Length of controlled postintervention follow-up: 6 months (PE and EMDR only).

Rothbaum, B. O., Cahill, S. P., Foa, E. B., Davidson, J. R., Compton, J., Connor, K. M., Astin, M. C., & Hahn, C. G. (2006). Augmentation of sertraline with prolonged exposure in the treatment of posttraumatic stress disorder. Journal of Traumatic Stress, 19(5), 625-638. https://doi.org/10.1002/jts.20170

Type of Study: Randomized controlled trial
Number of Participants: 74

Population:

  • Age — Mean=39.3 years
  • Race/Ethnicity — 80% White, 19% African American, and 2% Other
  • Gender — 65% Female
  • Status — Participants were outpatient men and women with chronic posttraumatic stress disorder (PTSD).

Location/Institution: Emory University in Atlanta, Georgia; University of Pennsylvania in Philadelphia, Pennsylvania; and Duke University in Durham, North Carolina

Summary: (To include basic study design, measures, results, and notable limitations)
The purpose of the study was to determine whether augmenting sertraline with Prolonged Exposure (PE) [now called Prolonged Exposure Therapy for PTSD for Adults (PE)] would result in greater improvement than continuation with sertraline alone. Participants were randomly assigned to either continue sertraline on its own or to receive sertraline in combination with PE. Measures utilized include the Structured Clinical Interview for DSM–Patient Edition with Psychotic Screen (SCID), the Standardized Trauma Interview (STI), the Structured Interview for PTSD (SIP), the Beck Depression Inventory (BDI), and the State-Trait Anxiety Inventory (STAI). Results indicate that continuing sertraline on its own led to no further reductions, while participants who received PE in addition to sertraline showed further reduction in PTSD severity. This effect was observed only for participants who showed a partial response to medication. Limitations include lack of a PE-only control group, lack of follow-up, and that findings may not generalize to other medications.

Length of controlled postintervention follow-up: None.

Schnurr, P. P., Friedman, M. J., Engel, C. C., Foa, E. B., Shea, M. T., Chow, B. K., Resick, P. A., Thurston, V., Orsillo, S. M., Haug, R., Turner, C., & Bernardy, N. (2007). Cognitive behavioral therapy for posttraumatic stress disorder in women. Journal of the American Medical Association, 297(8), 820-830. https://doi.org/10.1001/jama.297.8.820 

Type of Study: Randomized controlled trial
Number of Participants: 277

Population:

  • Age — Not specified
  • Race/Ethnicity — Not specified
  • Gender — 100% Female
  • Status — Participants were women who suffered from posttraumatic stress disorder (PTSD).

Location/Institution: 9 VA medical centers

Summary: (To include basic study design, measures, results, and notable limitations)
The purpose of the study was to compare Prolonged Exposure (PE) [now called Prolonged Exposure Therapy for PTSD for Adults (PE)] with Present-Centered Therapy for the treatment of PTSD. Participants were randomly assigned to PE or Present-Centered Therapy. Measures utilized include the Clinician-Administered PTSD Scale (CAPS), the PTSD Checklist, and the Structured Clinical Interview for DSM–IV (SCID). Results indicate that women who received PE experienced greater reduction of PTSD symptoms relative to women who received Present-Centered Therapy. The PE group was more likely than the Present-Centered Therapy group to no longer meet PTSD diagnostic criteria and achieve total remission. Limitations include attrition bias and findings may not generalize to other populations.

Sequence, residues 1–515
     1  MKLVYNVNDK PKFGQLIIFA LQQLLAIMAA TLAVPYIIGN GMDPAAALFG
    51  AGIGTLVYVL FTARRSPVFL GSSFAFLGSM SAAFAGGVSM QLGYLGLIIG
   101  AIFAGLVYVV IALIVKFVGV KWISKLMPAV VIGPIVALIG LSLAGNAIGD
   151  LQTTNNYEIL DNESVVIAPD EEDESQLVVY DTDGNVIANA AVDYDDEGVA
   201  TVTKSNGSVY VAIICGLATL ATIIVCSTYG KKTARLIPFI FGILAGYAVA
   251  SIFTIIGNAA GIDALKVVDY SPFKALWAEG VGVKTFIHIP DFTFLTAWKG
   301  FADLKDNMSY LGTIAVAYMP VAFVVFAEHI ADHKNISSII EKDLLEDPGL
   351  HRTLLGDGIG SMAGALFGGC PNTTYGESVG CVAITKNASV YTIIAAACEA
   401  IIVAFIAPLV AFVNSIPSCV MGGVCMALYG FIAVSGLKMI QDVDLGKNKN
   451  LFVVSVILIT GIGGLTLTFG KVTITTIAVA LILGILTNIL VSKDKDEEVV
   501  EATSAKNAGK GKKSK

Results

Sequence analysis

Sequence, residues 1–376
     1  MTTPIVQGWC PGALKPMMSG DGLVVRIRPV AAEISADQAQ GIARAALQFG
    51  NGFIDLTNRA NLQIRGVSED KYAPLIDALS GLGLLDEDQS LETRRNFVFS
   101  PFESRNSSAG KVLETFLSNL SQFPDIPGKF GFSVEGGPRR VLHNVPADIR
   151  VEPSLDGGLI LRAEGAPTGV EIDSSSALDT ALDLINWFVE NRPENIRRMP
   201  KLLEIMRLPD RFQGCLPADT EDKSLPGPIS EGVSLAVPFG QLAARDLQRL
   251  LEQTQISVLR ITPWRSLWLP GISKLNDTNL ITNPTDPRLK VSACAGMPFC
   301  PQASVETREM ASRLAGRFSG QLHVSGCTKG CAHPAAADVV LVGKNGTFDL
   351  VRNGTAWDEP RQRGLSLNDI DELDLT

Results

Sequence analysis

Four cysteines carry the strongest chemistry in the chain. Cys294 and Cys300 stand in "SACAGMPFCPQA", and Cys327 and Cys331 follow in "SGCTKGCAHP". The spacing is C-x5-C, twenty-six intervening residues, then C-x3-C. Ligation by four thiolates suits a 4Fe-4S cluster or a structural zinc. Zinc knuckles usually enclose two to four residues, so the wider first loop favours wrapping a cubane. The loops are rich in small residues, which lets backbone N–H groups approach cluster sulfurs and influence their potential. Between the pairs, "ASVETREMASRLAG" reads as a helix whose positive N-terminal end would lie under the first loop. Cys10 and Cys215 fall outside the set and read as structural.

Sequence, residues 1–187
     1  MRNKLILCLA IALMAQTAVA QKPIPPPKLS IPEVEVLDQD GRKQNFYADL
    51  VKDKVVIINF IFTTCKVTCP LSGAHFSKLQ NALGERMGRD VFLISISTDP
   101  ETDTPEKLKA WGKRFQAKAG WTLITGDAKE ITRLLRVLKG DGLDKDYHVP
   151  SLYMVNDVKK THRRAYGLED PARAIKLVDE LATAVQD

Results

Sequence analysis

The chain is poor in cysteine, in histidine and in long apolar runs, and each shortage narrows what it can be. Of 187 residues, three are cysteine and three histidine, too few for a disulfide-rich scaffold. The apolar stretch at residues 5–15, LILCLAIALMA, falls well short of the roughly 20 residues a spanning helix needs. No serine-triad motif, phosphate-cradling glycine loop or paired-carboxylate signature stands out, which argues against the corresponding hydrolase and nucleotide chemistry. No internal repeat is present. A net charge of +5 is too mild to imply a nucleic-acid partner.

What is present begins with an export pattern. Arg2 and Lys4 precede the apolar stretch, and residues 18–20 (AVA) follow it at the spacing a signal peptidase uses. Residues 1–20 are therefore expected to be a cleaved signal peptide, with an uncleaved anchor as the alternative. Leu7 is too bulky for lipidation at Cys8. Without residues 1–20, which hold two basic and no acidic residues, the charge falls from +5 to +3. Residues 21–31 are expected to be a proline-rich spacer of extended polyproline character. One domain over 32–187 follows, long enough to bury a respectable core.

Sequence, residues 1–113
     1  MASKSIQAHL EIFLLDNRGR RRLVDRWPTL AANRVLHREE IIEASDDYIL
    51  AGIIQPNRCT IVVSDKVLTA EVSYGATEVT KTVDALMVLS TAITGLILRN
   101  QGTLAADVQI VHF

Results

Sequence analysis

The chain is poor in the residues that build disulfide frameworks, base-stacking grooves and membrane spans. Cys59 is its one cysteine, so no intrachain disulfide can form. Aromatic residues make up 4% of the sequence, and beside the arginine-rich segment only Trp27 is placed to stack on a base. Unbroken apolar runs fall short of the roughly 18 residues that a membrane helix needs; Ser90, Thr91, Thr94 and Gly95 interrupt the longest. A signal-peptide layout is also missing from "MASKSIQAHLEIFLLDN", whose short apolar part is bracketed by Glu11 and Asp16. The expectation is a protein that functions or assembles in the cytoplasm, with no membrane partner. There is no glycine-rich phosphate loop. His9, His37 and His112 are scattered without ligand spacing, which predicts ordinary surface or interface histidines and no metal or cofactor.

Length of controlled postintervention follow-up: 3 and 6 months.

Rauch, S. A., Grunfeld, T. E., Yadin, E., Cahill, S. P., Hembree, E., & Foa, E. B. (2009). Changes in reported physical health symptoms and social function with prolonged exposure therapy for chronic posttraumatic stress disorder. Depression and Anxiety, 26(8), 732-738. https://doi.org/10.1002/da.20518

Type of Study: Randomized controlled trial
Number of Participants: 107

Population:

  • Age — Mean=31 years
  • Race/Ethnicity — 88 Caucasian, 78 African American, and 13 Other
  • Gender — 100% Female
  • Status — Participants were female assault survivors with chronic posttraumatic stress disorder (PTSD).

Location/Institution: Center for the Treatment and Study of Anxiety (CTSA), or through Women Organized Against Rape (WOAR)

Summary: (To include basic study design, measures, results, and notable limitations)
This study used a subset of the sample from Foa et al. (2005). The purpose of the study was to compare Prolonged Exposure (PE) [now called Prolonged Exposure Therapy for PTSD for Adults (PE)] or PE combined with Cognitive Restructuring (PE/CR)  to a waitlist and examine negative health perceptions and general social functioning change with treatment of chronic PTSD among women. Participants were randomly assigned to PE, PE/CR or waitlist control group. Measures utilized include the Pennebaker Inventory of Limbic Languidness (PILL), the Social Adjustment Scale, the Structured Clinical Interview for DSM–IV Axis I Disorders with Psychotic Screen, the PTSD Symptom Scale—Interview (PSS), the Beck Depression Inventory (BDI), the Social Adjustment Scale (SAS), and the PTSD Symptom Scale—Self-Report (PSS–SR). Results indicate that self-reported physical health difficulties were significantly reduced in the PE and PE/CR conditions compared to the waitlist condition. These reductions did not demonstrate significant change during the 12-month follow-up period. Self-reported discomfort associated with physical health difficulties did not demonstrate significant change over treatment. No difference was detected between the active treatment and waitlist conditions. Both the PE and PE/CR groups reported improved social functioning at posttreatment compared to the waitlist. Additional improvement in general social functioning was found between 3- and 12-month follow-up assessments. Changes in PTSD and depressive symptoms over treatment accounted for 29% of the variance in reduction of reported health problems and 30% of the variance in improvement of general social functioning. Importantly, only changes in PTSD symptoms significantly contribute to the model predicting change in physical health problems with depression associated only at a trend level. Limitations include small sample size, missing data, and reliance on self-reported measures.